Sex Clark Five, are underground pop legends. They are synonymous with Strum and Drum, a musical category they themselves invented in the previous millennium.
SC5 come from Huntsville, Alabama, the town that brought you Wikipedia and the Saturn Five moon rocket.
According to an early SC5 press release Huntsville was put on the map (or some maps anyway) by Wernher von Braun’ merry band of rocketeers after WWII. The sleepy Southern community became populated by many relocated scientists who created a unique proving ground for young rock and roll enthusiasts like SC5.
Huntsville High School Students, James Butler, Rick Storey and Trick McKaha witnessed their city’s transformation and in their whimsical comic book minds, sturm and drang begat Strum and Drum.
James, Rick and Trick were veteran outcasts of many performing Rocket City garage bands and school orchestras. At the Butler family home located down the block from the famous gravity defying Upside Down Hill and von Braun Castle (where The Professor conducted anti-gravitational experiments in his own basement) there was a revolving door of local musicians, ballerinas and artisans. SC5 saw the light when James brought a four track cassette recorder back from Germany in the late 1970s. Trick and James sketched out art rock type songs on tape.
Meanwhile Rick and James explored abbreviated skewed pop song concepts. They filled cassettes with crazy ideas and eventually joined forces to release an extended play 45.
Enveloping twangy British invasion, glitter, punk, industrial, classical and anything else that came to mind during chaotic sessions, Strum & Drum music was born!
With James’ historical fascinations and clever wordplay the brief accelerated pop tunes shined like small gems kicked up by marauding soldiers in the night.
The Butler family basement would hence be known as Cavern Studios, with a TASCAM Portastudio 4-track casette as its “technological” centerpiece. (As of 2014 with missing buttons it is still in use)
Several bass players tramped in and out of the studio before ex-London schoolgirl, Joy Johnson replied to a bassist wanted notice posted in a local record shop. With Trick McKaha smashing his drums around the room (or across the stage), this arrangement would be SC5’s most recognizable public lineup as they recorded their first three acclaimed albums, several 7-inch ep’s and their first two Peel sessions.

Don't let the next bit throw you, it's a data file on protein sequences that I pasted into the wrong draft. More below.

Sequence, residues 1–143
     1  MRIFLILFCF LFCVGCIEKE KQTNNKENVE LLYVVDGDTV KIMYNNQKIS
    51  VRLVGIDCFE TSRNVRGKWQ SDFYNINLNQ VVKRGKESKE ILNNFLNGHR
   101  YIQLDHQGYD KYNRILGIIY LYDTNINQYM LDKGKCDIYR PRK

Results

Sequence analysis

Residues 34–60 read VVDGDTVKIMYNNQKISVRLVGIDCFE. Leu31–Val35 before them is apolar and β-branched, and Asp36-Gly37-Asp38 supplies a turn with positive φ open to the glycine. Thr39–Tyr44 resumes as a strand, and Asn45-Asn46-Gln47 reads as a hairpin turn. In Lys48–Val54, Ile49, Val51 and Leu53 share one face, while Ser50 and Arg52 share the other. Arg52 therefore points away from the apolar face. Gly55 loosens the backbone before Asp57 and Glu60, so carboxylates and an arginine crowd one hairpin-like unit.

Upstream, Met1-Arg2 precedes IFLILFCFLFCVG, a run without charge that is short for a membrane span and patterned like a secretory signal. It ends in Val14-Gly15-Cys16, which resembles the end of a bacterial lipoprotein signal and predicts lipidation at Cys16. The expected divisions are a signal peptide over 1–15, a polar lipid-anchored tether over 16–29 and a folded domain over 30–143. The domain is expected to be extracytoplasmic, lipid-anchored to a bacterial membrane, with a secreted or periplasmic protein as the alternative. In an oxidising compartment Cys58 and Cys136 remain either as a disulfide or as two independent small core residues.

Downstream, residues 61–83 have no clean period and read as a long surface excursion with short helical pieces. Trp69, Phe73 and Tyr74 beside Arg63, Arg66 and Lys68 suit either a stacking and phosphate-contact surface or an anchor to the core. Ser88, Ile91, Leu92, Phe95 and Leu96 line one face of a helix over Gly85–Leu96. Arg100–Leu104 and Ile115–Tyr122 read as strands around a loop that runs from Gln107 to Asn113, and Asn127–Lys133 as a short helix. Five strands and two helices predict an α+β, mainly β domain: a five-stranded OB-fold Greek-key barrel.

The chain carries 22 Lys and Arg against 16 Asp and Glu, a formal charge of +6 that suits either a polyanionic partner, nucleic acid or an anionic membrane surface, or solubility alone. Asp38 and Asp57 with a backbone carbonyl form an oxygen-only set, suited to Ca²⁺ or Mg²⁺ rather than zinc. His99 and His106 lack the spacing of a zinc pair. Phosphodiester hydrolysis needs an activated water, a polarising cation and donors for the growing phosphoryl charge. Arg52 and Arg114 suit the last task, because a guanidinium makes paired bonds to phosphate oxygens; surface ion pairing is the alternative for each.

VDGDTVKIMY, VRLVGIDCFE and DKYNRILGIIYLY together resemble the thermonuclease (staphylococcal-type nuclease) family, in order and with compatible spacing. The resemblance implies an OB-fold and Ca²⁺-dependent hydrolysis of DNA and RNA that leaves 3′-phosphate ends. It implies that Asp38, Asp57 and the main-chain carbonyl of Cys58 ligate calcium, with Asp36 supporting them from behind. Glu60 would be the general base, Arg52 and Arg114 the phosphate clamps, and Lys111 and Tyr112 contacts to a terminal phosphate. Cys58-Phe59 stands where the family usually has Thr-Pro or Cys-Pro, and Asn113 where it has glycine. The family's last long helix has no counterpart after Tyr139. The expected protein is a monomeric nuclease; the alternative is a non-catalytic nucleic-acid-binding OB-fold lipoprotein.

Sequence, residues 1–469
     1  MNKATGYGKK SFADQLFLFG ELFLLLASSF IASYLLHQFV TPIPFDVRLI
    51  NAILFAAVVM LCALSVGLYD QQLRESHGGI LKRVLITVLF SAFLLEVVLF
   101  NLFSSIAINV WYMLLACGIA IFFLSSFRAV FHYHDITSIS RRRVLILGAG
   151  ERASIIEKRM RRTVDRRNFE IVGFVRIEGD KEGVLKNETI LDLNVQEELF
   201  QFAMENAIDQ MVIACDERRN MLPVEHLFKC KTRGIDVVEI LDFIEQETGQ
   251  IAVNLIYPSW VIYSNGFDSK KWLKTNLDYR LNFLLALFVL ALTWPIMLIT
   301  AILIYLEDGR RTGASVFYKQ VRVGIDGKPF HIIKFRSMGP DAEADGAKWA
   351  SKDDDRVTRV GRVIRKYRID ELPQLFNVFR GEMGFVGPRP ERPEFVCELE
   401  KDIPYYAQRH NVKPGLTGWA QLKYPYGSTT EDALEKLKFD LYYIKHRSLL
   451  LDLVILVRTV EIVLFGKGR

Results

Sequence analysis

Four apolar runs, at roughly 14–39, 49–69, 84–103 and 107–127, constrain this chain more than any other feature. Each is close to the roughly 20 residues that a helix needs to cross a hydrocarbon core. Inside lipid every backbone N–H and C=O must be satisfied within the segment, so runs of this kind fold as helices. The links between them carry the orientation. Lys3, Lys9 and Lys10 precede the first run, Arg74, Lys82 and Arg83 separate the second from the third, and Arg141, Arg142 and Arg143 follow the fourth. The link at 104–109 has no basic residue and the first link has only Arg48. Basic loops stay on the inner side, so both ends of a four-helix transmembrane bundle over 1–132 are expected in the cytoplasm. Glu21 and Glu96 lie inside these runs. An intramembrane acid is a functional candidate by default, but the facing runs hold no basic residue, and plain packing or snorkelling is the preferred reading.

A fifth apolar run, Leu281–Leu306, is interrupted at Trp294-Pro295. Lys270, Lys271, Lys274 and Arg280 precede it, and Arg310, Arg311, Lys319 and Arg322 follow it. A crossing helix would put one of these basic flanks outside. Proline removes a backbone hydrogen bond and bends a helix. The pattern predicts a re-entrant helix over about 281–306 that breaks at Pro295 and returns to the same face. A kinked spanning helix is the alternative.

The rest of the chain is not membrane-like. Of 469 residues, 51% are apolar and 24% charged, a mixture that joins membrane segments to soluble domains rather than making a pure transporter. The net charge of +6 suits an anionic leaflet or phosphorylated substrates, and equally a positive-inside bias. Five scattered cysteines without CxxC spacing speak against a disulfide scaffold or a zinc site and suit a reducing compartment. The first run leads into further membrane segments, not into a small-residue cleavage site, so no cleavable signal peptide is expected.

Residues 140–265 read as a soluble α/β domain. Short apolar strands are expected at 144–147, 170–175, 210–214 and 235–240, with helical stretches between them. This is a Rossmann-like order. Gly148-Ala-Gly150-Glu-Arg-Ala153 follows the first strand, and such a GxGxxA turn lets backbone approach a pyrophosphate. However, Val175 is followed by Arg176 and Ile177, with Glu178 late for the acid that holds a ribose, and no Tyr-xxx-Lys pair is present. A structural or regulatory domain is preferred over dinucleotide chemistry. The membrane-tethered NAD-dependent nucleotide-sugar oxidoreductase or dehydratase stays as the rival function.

Sex Clark Five were (and are) a great live band, sounding more raw and percussive on stage than on record. The energetic shows and stunning boy/girl harmonies were always great fun.
After failing to advance beyond cultdom after several years of constant recording and touring, Joy left the band for academia. James, Rick and Trick would carry the torch recording and promoting SC5 under assumed names like The Martinlutherkinks.
During this phase, the indie rock world saw a flow of lo-fidelity type bands appearing that seemed to emulate SC5’s spontaneously derived style. This didn’t escape notice of a few knowledgeable critics like Elisabeth Vincentelli and the late Eric Flaum.
SC5 would continue, with vocalist Laura E. Lee, to manage releases on tribute albums, a series of 45s in Europe, and two more John Peel BBC sessions that were essentially unreleased albums.
SC5 have continued to articulate Strum and Drum musical rants and twisted suites well into the new century, as anyone who has been fortunate to locate a copy of their fifth LP Crimson Panzer and 2013’s RembrandtX can attest.
As pop music tastes radically change one thing is certain. Sex Clark Five continue to produce some of the most fresh and original pop music on the planet. Like many music fans have found and John Peel so eloquently proclaimed, “Strum and Drum forever!”